The Karsky Dairy, owned by Dean and Lee Ann Karsky of Dickinson, N.D., is a business steeped in generational culture and value.
The fourth-generation dairy was established by Dean’s great-grandparents, Louie and Agnes Karsky, in 1945. It then transitioned to Dean’s parents, Ray and Darlene, in 1968. The next handoff was to Dean and Lee Ann in 1995. Dean and Lee Ann got their start by leasing cows from Ray and Darlene for $1 per day per cow, an affordable arrangement to get a start in the dairy business.
In 2002, Dean and Lee Ann invested $350,000 in a new dairy barn. They worked with Jerry Tuhy, a Farm Business Management instructor, to create cash flow projections that would show that the investment would pay for itself over time based on solid financials and production information.
Lee Ann says that lenders at the time were more willing to finance a beef operation than a dairy operation, and wanted documents that they could trust to make good lending decisions. The lenders respected the unbiased data put together with the help of an independent source.
The FinPack program helped the Karskys present a balance sheet and farm analysis to the lender, and continue to use FinPack along with accounting software for their financial record keeping.
Dean and Lee Ann have been participating in Bismarck State College’s Farm Management Education Program since 1998, and Lee Ann says they couldn’t get financing without the program when they first started the dairy. The program has also helped the Karskys secure capital for many other asset purchases since then, and has become an important component of their annual financial planning.
The next generation is also participating in the dairy business. Dean and Lee Ann’s daughter, Rachel Howie, is the “herdsmen” of the operation.
Rachel has many responsibilities on the dairy that are vital to the success of the operation, including managing the cow herd and milk production, genetics selection, computerized dairy programs, and managing people.
Rachel went to Dickinson State University, where she received degrees in biology and environmental science. Rachel’s passion for the dairy industry and her love for cows eventually led her back to the family dairy. This love is being passed along to her two young sons, who also participate in showing 4-H dairy calves and own a few of their own calves.
The dairy barn has the capacity to hold 228 dairy cows and milks 200 head in a “double-10 parallel” system. The dairy’s herd is managed by placing the cows into four groups which enables the owners to manage cows and production more efficiently. They hold back all purebred heifers for future dairy production, and sell the bull calves.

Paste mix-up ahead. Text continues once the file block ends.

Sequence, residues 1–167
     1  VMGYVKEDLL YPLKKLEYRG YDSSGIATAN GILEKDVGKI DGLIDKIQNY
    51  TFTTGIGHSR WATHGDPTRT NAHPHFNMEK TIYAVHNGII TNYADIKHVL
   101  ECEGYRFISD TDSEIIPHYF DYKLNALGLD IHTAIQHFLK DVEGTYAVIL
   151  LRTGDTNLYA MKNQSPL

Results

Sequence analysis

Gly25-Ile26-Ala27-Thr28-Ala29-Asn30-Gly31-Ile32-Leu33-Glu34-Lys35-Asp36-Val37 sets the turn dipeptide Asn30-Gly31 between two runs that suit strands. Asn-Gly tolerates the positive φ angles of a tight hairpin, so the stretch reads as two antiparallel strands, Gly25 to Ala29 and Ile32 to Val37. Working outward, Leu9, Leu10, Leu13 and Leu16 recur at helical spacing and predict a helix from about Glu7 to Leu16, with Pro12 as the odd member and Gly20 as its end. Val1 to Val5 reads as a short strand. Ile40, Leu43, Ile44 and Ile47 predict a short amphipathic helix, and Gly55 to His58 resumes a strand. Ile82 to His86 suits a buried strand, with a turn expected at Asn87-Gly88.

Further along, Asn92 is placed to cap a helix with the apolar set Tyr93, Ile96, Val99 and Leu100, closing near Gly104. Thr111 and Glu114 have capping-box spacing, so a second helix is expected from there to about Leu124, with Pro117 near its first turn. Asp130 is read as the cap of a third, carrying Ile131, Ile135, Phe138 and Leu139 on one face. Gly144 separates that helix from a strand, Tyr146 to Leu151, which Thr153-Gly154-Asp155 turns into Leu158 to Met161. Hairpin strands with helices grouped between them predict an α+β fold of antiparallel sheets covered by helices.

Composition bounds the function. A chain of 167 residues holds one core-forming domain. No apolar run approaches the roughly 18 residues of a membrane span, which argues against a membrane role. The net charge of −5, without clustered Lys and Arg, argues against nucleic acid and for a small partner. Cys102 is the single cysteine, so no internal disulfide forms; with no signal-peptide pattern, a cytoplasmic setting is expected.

The Karskys barn is home to Holstein, Jersey and Brown Swiss cows. Using three breeds gives the dairy the necessary volumes of milk production with high butter fat content. The dairy’s butter fat production of 4.3%, versus the national average of 3.5%.
History has proven that owning and operating a dairy has many challenges. It’s no surprise that finding employees and maintaining a stable workforce is the Karskys’ greatest challenge. Utilizing the Cultural Agriculture Exchange Program has been integral to help staff the dairy operation.
CAEP is an international program that brings employees to the dairy from around the globe, functioning as an apprenticeship program that is limited to one year at the dairy. COVID-19 has also had a negative impact on their ability to utilize CAEP and bring individuals to the United States.
The Karskys’ second major concern is the marketability of their milk products. All of their dairy production is marketed to Dairy Farmers of America (DFA), a cooperative dairy based out of Kansas City, Kan. The milk is picked up by the New Salem, N.D., location and then transported to Pollock, S.D. There, it is primarily used to make branded cheese products for Kraft and Borden.
Forward-contracting of milk production was once used heavily by the Karskys. Dean says 75% of their production was forward-contracted, but none is contracted today, due to contract complexities. The Karskys would like to see the availability of more marketing options.
The third challenge facing the dairy is what Mother Nature has to offer — drought. The region’s alfalfa is not starting out with vigorous growth, and current feed stock inventories are being monitored closely. A major concern for the Karskys is the current market value for purchasing dairy-quality hay.
Dean says that they recently purchased hay for June through September feeding, costing $200 per ton for second and third cuttings. If the rains don’t materialize, herd reduction conversations could take place.
Consumer education of dairy products is a constant effort by various dairy industry organizations such as Dairy Farmers of America. The general opinion is that the dairy organizations are doing an adequate job of educating the public about the safety and health benefits of dairy products, understanding that education is constant.
Lee Ann says, “Consumers need to understand and believe that dairy products are safe and healthy.”
Despite challenges and headwinds, the Karsky family says they are passionate about their dairy business and finding future opportunities. “Dairy is a way of life and culture that we all enjoy and love,” Lee Ann says.
The North Dakota Farm Management Education Program provides lifelong learning opportunities in economic and financial management for those involved in farming and ranching. Visit ndfarmmanagement.com, or contact Craig Kleven, state supervisor for ag education, at [email protected] or 701-328-3162 for more information. The ND Farm Management Education Program is sponsored by the North Dakota Department of Career and Technical Education.
Dragseth writes from Bismarck, N.D.